A bit of string

This blog was written a few weeks ago, when we had our first spell of lovely weather. With the temperatures hitting 30+ this week, I’m glad it was only about 18 degrees when we did this! Looking back and reading about thermals, reminds me how lovely it is to have a proper summer!

The weather’s been glorious this last few weeks, and I have to say the amount of traffic on the road is at summer levels already. On Wednesday, I suggested to Ed that we go to Applecross for lunch. Great idea. He was in.

It’s still May, so there was the big debate about what were the ‘right clothes’. Thermals or no thermals. We opted for no thermals, however, just because I would like to be prepared, I threw a thermal into Indy’s side bag. You never know. As it happens, my choice of layers was spot on. I didn’t need the thermals!

The run up through Glencoe was lovely, and then we hit the traffic on that annoying 13 miles into Fort William. It’s been changed to a 50mph and really, there’s no point in trying to nip through the traffic. Choose a speed and stick to it. Through Spean Bridge and onwards. I knew that I had to fuel, I wouldn’t have got all the way to Applecross on a tank. We stopped in at one of the wee random country filling stations for petrol and a drink of juice. Just what was needed.

Now, Ed says he normally does Applecross in about 2.5 hours. Really? Not with me you won’t! Good luck with that. Skye, maybe. Applecross, not.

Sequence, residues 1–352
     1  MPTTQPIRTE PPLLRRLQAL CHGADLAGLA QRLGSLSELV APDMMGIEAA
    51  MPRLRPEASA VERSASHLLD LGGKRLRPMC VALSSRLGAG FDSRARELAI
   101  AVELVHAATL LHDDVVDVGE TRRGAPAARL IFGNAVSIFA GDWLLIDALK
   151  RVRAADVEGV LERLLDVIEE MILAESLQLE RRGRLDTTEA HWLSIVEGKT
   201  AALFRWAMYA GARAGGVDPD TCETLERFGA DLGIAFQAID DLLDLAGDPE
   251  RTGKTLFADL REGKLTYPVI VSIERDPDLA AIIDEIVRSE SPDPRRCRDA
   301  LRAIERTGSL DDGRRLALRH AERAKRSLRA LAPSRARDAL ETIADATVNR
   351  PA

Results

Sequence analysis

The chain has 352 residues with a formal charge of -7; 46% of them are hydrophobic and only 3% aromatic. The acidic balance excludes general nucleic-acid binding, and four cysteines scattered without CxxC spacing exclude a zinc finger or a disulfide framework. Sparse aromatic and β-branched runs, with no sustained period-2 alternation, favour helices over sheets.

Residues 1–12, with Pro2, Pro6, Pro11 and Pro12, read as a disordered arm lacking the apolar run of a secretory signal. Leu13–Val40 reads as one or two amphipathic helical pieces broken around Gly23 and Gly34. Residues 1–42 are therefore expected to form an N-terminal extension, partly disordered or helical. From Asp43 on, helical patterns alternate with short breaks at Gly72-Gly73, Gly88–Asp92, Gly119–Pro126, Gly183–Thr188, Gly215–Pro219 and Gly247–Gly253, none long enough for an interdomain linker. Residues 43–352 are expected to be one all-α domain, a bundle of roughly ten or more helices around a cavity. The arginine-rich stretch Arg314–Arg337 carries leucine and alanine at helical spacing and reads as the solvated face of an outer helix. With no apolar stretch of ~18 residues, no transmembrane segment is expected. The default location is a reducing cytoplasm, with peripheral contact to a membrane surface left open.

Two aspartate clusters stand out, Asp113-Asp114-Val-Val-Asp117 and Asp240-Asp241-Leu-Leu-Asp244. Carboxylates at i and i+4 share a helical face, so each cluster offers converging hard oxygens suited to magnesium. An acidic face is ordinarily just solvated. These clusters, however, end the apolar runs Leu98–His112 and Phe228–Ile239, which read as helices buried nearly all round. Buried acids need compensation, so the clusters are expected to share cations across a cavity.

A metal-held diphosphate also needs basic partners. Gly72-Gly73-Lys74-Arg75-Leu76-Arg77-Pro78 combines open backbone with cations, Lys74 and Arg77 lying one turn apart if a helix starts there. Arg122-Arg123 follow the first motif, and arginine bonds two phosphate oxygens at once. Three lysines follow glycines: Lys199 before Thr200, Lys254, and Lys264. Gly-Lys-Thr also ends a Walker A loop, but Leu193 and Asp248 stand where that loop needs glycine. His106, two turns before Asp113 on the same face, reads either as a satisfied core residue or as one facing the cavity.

Recently, we were on our way to Edinburgh. We knew where we were going and when I got to Doune, Ed was nowhere in sight. I chose to go over the Hill of Row to the motorway. Ed hadn’t gone that way and was waiting, worried, at Dobbies, Stirling. Eventually, he used Find My iPhone and saw that I was on the motorway half way to Edinburgh. Oh, boy, did I get a bollocking for that one. But hey, we both knew where we were going, didn’t we?

So, there’s a right hand junction to go to Applecross after the Eilean Donan Castle. Ed was off and I had 3 cars and 6 bikes pull out in front of me from the Castle. I got to the junction and there was no sign of Ed. Remembering the above bollocking, the thought went through my head that he always, but always, stops at a junction. My second thought was, he must be going via Plockton and the REALLY scenic route. He hadn’t said that though. So, following the ‘biker code’ I kept going straight on, albeit I knew in my head that I should have turned right.